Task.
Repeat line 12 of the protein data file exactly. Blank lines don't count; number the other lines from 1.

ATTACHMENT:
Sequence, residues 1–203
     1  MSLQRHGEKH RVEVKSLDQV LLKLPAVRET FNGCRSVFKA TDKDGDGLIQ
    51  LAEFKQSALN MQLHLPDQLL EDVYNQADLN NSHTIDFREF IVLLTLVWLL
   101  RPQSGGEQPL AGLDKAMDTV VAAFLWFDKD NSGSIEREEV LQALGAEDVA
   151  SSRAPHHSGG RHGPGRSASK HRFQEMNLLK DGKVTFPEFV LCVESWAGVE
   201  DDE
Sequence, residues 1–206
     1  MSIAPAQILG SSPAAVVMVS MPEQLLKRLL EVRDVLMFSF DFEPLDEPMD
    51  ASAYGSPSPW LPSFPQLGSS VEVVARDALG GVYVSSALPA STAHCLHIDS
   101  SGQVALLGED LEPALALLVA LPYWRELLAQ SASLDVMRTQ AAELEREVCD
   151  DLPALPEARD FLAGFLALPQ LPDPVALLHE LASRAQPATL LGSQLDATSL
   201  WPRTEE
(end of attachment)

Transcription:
   201  WPRTEE